From a business standpoint, Stone Cold Steve Austin came like a great and obvious epiphany. Middle America had to root for him, because, in a sense, he was theirs, he was one of them, albeit a ripped, shiny version of them. Stone Cold hated communism and the color lavender. He might as well have been seated on a barstool in Funnyfuck, West Virginia, pounding beers after a long day in the mines. He wasn’t, of course; he was a professional wrestler. But he made it believable that this was merely a matter of chance, like the brother who happened to go to college or the cousin who happened to go to jail. Stone Cold Steve Austin just happened to be a pro wrestler.
Stone Cold made it cool to be an ill-tempered Texan with borderline alcohol issues. Stone Cold also made it cool to habitually give the bird to anyone with whom you were in disagreement.
Jeff and I had a disagreement while playing video games in our room during the height of Stone Cold’s influence and, being an ill-tempered Texan in training, I decided to let my digits do the talking. When my father opened our door, my extended middle finger was no more than three inches away from my brother’s face. My hand shook as I held it there for effect, and it seemed stuck when the door opened. With a sigh, my father said, “I don’t like to see that,” and closed our door. I still don’t know the reason he was there in the first place.
A dream came true when I was twelve years old, as my parents got my brothers and I tickets to a live show of WWF at the now rat-infested Reunion Arena. I brought a large poster board in support of Val Venis, another of my favorite wrestlers. It was suggested that Val Venis was a porn star, and this was generally accepted among fans as just as normal as him being a plumber or a truck driver. His entrance video cut back and forth between Venis sitting in a hot tub or a convertible, surrounded by swooning women, and euphemistic images for intercourse; a screw being driven into a plank of wood, a train charging through a tunnel, a spurting oil well, etc. etc. 
More importantly though, Val Venis resurrected Rick Rude’s now infamous celebration shimmy. Venis’ version was built for the new millennium; he added a self-caress, and his hips more accurately depicted a sexual maneuver. Had it not been for the emergence of ‘the Big Valbowski’, I may have forgotten the ‘Rick Rude’ forever.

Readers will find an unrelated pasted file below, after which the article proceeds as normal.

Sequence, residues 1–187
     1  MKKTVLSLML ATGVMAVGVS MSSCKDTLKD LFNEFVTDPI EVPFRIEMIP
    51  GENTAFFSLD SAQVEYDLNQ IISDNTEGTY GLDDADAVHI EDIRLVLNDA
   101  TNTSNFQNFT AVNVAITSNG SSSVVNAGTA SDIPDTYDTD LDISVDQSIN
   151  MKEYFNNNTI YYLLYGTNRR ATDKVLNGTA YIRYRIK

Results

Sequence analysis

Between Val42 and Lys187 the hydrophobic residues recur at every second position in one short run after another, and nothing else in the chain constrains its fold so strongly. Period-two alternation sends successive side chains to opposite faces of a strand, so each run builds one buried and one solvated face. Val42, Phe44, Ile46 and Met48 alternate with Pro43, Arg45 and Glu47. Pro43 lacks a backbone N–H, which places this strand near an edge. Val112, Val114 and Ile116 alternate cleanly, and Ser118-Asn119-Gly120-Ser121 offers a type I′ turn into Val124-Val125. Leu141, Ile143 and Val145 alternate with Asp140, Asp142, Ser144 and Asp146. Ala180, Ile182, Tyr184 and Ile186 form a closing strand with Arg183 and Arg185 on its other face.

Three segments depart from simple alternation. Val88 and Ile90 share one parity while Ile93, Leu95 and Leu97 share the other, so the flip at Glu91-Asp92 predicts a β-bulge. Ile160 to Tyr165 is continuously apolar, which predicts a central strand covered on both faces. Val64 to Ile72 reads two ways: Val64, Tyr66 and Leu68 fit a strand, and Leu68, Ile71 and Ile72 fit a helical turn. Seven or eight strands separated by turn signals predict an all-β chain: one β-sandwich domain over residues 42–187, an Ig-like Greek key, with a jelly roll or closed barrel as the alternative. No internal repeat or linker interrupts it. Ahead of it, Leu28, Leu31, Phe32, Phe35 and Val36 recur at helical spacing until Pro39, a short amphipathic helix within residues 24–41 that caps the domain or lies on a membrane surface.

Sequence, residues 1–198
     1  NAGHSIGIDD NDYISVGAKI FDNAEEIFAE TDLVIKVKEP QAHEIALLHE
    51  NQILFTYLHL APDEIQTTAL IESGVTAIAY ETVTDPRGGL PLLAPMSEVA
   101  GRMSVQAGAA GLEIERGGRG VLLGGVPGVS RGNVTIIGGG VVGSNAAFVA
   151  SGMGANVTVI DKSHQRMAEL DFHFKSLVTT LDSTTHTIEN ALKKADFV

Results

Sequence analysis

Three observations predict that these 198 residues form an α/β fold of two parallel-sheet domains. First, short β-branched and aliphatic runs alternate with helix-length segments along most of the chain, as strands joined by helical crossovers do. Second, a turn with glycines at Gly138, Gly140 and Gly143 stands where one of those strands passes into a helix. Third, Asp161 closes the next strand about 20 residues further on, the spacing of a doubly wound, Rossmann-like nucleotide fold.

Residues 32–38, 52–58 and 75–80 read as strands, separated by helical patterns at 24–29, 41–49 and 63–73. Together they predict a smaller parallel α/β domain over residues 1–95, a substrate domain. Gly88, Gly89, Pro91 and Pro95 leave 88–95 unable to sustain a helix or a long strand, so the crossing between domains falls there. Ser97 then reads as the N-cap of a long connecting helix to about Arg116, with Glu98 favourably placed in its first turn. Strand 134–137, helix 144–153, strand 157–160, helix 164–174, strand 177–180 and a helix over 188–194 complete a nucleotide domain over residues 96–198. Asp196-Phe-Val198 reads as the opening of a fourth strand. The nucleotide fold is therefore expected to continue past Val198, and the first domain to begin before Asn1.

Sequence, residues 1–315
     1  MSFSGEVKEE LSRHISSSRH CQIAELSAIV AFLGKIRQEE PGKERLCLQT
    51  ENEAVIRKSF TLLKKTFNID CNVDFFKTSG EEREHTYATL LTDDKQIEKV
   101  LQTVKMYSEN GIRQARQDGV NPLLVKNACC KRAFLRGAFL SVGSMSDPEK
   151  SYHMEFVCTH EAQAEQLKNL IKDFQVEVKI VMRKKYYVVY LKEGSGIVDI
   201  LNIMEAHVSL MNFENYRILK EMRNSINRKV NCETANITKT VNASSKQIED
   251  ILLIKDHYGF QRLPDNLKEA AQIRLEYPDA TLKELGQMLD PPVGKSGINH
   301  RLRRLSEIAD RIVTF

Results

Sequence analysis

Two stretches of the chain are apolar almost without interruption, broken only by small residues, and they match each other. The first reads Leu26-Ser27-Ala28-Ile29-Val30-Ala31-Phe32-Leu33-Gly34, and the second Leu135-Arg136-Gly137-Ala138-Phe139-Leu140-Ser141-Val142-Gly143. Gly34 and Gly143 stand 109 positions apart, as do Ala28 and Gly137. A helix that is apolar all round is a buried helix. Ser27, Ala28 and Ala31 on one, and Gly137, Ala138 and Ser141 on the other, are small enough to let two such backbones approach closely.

We took our seats and I folded my sign and tucked it under my seat. In purple and black lettering, it read: “VAL VENIS PENETRATES DALLAS.” Mind you, I was twelve and had no knowledge of penetration, at least not in practice. I sat between my brother, Blair, and a cute girl in her mid-twenties, on a date with a man that she probably never called back. Not because he was ugly or boring; she looked wholly confused by the spectacle of bloodthirsty fans, living and dying with each choreographed move. For most of the show, she looked like she had seen a gorilla reciting the Gettysburg Address in a gentrified accent. In retrospect, I feel bad for this poor girl.
Her confusion only became more pronounced as the show progressed. When Val Venis’ music began to play, I stood and did my dance. He took the microphone, and the crowd hushed. “They say everything is bigger in Texas,” he started, “And now that the BIG VALBOWSKI is here… I guess that’s entirely true.” We laughed and cheered wildly. A fat woman with frizzy hair and an ‘Undertaker’ shirt squealed in delight, “Wooooo.”
When the glass broke and Stone Cold emerged to battle Mankind in the main event, a father in the row before us instructed his toddler son to give the finger in a sort of salute, manipulating the child’s tiny fingers in obscenity. By this point the woman’s face was blank and colorless. She was visibly shocked when, responding to Mankind running backstage mid-match, I yelled, “You fucking pussy!” in a pubescent cry of injustice.
When Mankind did finally reemerge, he was carrying a plastic garbage can overhead. When he went to hit Stone Cold, however, he was met with a kick to the gut, a Stone Cold Stunner, and a deluge of gestures and curses. Everyone went home happy that night, except for the poor bastard next to us, jacking off and crying in his pillow as his date tells her girlfriends about the madness that is pro wrestling, stuttering in bewilderment. “And then… this kid next to me… he was maybe, eleven or twelve… He goes ‘you fucking pussy!’… It was terrible. I really liked Craig, but wow. If I never hear the words Austin 3:16 again, it’ll be too soon… Awful, just awful.”
Luckily, time forced me to mature, to some degree. You can’t, as my parents often told me, just flip your boss the bird when you disagree with what he has to say. Luckily, my hips and fingers managed to stay dormant enough through high school for me to be accepted into a decent university. However, after several years of relatively acceptable social décor, I relapsed.
Had I been a film-nut or a geologist, I would have stowed my enthusiasm for professional wrestling away like a little league trophy or a severed finger, on account of shame and lack of any necessity. But I wasn’t. I was a college baseball player, and baseball players treasure nothing more than some good ol’ inappropriate humor. The ‘Rick Rude’ it seems, was destined to return. And it did—en force.